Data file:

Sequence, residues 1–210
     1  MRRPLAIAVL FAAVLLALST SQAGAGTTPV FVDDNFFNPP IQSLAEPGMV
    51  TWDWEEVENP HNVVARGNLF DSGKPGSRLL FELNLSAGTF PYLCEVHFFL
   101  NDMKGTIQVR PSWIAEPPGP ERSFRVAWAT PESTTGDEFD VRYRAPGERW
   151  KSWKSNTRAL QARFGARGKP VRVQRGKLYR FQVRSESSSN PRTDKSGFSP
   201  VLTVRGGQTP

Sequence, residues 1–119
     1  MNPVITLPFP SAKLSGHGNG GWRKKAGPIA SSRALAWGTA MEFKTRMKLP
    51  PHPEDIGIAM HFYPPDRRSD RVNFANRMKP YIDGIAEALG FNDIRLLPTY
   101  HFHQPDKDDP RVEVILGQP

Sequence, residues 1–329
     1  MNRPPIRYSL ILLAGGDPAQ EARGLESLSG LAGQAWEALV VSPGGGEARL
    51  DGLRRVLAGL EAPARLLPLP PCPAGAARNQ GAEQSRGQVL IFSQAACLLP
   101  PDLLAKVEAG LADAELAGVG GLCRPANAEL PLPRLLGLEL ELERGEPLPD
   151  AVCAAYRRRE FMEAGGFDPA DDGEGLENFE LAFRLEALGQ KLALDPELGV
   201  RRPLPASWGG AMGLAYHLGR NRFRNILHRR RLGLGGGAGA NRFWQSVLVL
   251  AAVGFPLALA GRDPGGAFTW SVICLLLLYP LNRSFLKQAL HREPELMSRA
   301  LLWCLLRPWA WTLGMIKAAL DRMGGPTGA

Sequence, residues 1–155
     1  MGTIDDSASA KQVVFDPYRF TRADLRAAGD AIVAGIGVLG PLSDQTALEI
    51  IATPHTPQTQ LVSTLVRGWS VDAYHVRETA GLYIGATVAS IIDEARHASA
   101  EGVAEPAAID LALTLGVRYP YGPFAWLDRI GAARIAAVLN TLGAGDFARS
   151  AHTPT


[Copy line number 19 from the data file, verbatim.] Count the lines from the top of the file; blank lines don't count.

Sequence, residues 1–155